Some copywriters think that if you’re advertising a low-value item, like a chocolate bar, you should use short copy. Then for a big-ticket item, say a luxury car, you need long copy. I think this makes sense as a general rule. But sometimes it pays to break it. In the UK, Cadbury’s captivated newspaper readers with this nostalgic ad for Wispa:

Press ad by agency Publicis, London. Copywriter: Alex Ball

Conversely, you can occasionally see an ad for a luxury product which is powerful because it uses just a stunning shot, a short headline and a logo, like this one for Land Rover:

Poster for agency Rainey Kelly Campbell Roalfe/Y&R. Copywriter: Mike Boles

4 replies
  1. Michael Morrison
    Michael Morrison says:

    Good topic. These days I’m inclined to think not though – jut look at Apple for instance. I think largely the rule book should’ve been thrown out the window a long time ago and each client should be approached with an entirely open mind.

  2. Dean
    Dean says:

    Michael – I agree with you about each client being approached with an open mind. Apple can afford to dispense with copy (altogether in the case of their iPad ads) because they’re a long-established brand. It takes a brave advertiser to launch an expensive product with little or no copy. Here’s an early Apple ad:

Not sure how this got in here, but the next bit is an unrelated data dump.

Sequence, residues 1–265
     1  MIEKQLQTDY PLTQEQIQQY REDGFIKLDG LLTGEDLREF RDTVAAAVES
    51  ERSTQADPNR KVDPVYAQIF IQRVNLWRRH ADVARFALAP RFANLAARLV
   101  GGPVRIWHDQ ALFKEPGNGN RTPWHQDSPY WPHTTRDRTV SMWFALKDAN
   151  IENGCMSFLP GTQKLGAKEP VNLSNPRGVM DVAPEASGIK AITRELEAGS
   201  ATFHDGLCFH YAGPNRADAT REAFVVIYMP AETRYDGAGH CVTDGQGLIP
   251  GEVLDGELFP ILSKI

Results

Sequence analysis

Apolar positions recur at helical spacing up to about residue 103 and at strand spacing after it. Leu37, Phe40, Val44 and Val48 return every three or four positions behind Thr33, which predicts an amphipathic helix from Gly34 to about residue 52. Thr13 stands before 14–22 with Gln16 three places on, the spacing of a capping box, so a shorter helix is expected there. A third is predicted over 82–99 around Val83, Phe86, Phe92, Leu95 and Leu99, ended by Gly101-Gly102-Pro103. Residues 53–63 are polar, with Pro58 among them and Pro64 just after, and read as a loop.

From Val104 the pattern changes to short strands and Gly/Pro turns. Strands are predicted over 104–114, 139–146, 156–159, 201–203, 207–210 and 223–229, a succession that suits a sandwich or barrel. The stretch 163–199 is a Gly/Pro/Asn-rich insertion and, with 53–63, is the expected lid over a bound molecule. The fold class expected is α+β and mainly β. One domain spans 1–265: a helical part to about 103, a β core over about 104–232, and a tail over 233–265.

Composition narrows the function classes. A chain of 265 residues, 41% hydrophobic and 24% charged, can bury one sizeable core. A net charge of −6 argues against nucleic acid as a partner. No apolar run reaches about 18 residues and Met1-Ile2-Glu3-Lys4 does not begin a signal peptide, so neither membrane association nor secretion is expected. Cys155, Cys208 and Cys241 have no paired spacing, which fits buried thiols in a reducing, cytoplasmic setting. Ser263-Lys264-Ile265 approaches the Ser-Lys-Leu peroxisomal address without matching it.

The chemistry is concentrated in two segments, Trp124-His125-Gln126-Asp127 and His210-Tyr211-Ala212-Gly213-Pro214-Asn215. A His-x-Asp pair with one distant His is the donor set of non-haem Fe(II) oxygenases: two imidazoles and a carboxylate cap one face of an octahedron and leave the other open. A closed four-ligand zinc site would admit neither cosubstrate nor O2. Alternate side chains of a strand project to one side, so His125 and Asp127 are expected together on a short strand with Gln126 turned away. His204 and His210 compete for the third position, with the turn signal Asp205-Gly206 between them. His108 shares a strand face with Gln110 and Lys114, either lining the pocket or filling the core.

early Apple ad - 1970s

  3. Pete Jones
    Pete Jones says:

    I don’t think there should be a hard and fast rule, it very much depends on what’s needed to sell the product. If you can be satisfied that you’ve managed this in a few words then great, anything else would be over-selling. There’s also the question of how much of a story a picture can tell. Even in this hum-dinger digital age the art of advertising still requires a duo to produce effective ads.

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